By Donna Cardillo
While recently accompanying a man who had just been admitted to the hospital, the nurse looked at his wife and asked, “Are you his P-O-A?”
We all (including me) looked dumbfounded so she repeated the question a little louder. I finally spoke up and said, “You’ll have to tell us what “P-O-A” stands for. She replied, “Power of Attorney.” OK, now at least I knew what she meant but the patient and his wife were still not sure how to answer.
Another nurse came in and told the same patient that he would be getting “FFP”. Once again, even I did not know what it stood for so I asked. The answer: fresh frozen plasma. Even at that, the patient had absolutely no idea what that was or what it meant. I politely asked the nurse, “Can you please explain to them what that is and why he’s getting it?” So she did.
A fellow nurse relayed a story about taking her elderly aunt to be admitted to a rehabilitation facility. The admitting personnel asked the older women if she was a “DNR” which most healthcare folks know stands for “Do Not Resuscitate.” Just as in my first example, when the woman did not respond, the admitting person repeated the question a few decibels louder.
When the nurse who had accompanied the patient to the hospital explained what they were asking, and after the poor patient had also just been asked if she knew which funeral home she would be using, went into a panic saying, “Don’t put me away yet. I came for therapy — right?”
OK, I understand that certain questions need to be asked but if we have gotten so entrenched in filling out forms and checking off boxes that we can’t or don’t consider to whom we are speaking or why, how our words will be perceived or understood (or misunderstood), and why we even have a job in the first place, then we need to take a step back and refocus.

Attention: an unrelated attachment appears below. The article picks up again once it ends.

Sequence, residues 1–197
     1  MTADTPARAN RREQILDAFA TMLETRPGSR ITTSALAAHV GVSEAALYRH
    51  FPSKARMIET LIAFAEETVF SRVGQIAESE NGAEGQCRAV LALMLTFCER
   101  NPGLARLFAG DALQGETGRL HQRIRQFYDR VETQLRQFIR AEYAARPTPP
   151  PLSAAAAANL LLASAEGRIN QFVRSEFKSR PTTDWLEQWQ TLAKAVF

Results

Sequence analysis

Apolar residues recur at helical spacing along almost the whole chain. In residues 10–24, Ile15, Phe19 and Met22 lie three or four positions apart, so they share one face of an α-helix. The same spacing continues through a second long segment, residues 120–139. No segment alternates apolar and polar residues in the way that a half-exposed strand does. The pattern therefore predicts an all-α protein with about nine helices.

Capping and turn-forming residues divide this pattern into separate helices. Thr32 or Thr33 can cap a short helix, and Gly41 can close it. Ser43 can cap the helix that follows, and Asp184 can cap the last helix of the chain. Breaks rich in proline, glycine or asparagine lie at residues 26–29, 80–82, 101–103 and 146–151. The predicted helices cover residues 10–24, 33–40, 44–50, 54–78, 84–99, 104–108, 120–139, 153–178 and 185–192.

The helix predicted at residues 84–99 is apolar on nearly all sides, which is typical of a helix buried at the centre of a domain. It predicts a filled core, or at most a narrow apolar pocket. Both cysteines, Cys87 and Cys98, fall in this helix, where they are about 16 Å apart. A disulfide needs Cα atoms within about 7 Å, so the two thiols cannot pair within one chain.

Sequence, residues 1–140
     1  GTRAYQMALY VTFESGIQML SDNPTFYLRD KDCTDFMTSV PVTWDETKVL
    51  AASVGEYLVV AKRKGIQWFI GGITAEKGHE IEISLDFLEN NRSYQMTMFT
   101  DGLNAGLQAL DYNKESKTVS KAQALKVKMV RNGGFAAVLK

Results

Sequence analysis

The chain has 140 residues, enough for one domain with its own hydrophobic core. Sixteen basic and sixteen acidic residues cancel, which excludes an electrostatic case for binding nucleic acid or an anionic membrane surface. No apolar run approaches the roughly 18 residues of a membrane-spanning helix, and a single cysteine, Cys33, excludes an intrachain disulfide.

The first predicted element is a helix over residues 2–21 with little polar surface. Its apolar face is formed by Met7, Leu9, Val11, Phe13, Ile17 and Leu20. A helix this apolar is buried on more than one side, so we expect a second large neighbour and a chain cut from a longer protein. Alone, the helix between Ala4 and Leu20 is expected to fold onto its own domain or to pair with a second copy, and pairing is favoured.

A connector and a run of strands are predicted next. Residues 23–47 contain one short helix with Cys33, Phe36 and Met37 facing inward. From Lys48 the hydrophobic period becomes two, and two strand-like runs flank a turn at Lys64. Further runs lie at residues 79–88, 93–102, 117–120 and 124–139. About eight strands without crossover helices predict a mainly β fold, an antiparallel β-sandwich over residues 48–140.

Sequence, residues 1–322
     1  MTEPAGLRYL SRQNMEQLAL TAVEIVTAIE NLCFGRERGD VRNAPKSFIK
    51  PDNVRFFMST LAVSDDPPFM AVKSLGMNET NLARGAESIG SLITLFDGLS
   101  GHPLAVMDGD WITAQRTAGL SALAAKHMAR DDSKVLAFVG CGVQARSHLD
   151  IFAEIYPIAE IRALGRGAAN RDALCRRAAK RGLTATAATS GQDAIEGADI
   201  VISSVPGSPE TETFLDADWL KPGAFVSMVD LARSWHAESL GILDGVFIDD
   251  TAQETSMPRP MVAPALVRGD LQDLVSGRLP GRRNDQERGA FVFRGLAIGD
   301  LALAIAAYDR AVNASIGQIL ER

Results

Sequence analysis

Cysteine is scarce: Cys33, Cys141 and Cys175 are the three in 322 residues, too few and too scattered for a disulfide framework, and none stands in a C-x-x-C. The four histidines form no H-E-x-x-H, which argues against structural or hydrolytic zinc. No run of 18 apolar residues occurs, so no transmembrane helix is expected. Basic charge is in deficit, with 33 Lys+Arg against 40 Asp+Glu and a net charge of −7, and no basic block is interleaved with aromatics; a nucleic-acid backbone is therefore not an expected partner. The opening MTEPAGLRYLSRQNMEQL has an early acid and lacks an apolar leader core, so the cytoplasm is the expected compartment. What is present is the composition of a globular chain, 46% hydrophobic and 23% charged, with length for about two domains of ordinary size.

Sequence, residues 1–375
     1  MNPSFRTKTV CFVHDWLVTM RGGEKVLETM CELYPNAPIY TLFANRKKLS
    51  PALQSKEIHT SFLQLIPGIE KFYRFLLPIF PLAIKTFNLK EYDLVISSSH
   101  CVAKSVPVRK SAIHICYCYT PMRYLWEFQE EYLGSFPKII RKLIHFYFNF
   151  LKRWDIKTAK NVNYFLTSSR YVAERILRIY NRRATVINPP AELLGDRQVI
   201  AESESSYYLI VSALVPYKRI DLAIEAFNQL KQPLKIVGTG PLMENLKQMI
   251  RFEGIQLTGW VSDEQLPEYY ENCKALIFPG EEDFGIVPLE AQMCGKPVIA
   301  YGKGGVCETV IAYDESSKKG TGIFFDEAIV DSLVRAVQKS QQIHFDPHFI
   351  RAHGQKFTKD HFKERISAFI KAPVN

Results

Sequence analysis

A friend of mine’s husband was once diagnosed with a serious neurological disorder. He was close to death and she asked his physician whether he would survive. By her own admission, she was hanging expectantly on his every word, looking for some reassurance. The answer she got: “This is a self-limiting disease. Your husband has a fulminant case. It could prove to be lethal.” Honestly, I’m not even sure what that means myself, and I’ve been in healthcare for a long time. When, at a later date, she questioned the same physician about whether her husband was ready to be discharged for rehab, he said, “This disease is typically monophasic – his clinical signs are improving.” My friend, who is not a medical person, was happy her husband was improving but still didn’t get an answer to her question.
You may be thinking, “These are extreme examples.” But I’m not so sure about that. We get so locked into our own world sometimes we simply lose our ability to relate to those we serve. There are times when nurses and other healthcare folks don’t even understand each other! Fellow nurses often make statements to me loaded with acronyms, abbreviated words, and the jargon of their particular specialty. I frequently do not understand what a nursing colleague is saying and have to ask for a translation.
So, just a reminder for all of us, including me, wherever you work, or whenever you are speaking to lay people (even other healthcare folks), speak in plain simple English. Use whole words instead of acronyms but avoid jargon and medical terminology as much as possible. If you do need to use jargon, at least explain what it means.
Also consider to whom you are speaking and how your words, including your questions, may be interpreted. If you speak and people don’t understand what you say, you may as well remain silent. And once you lose your ability to communicate clearly, effectively, and compassionately, you lose your effectiveness as a care provider.
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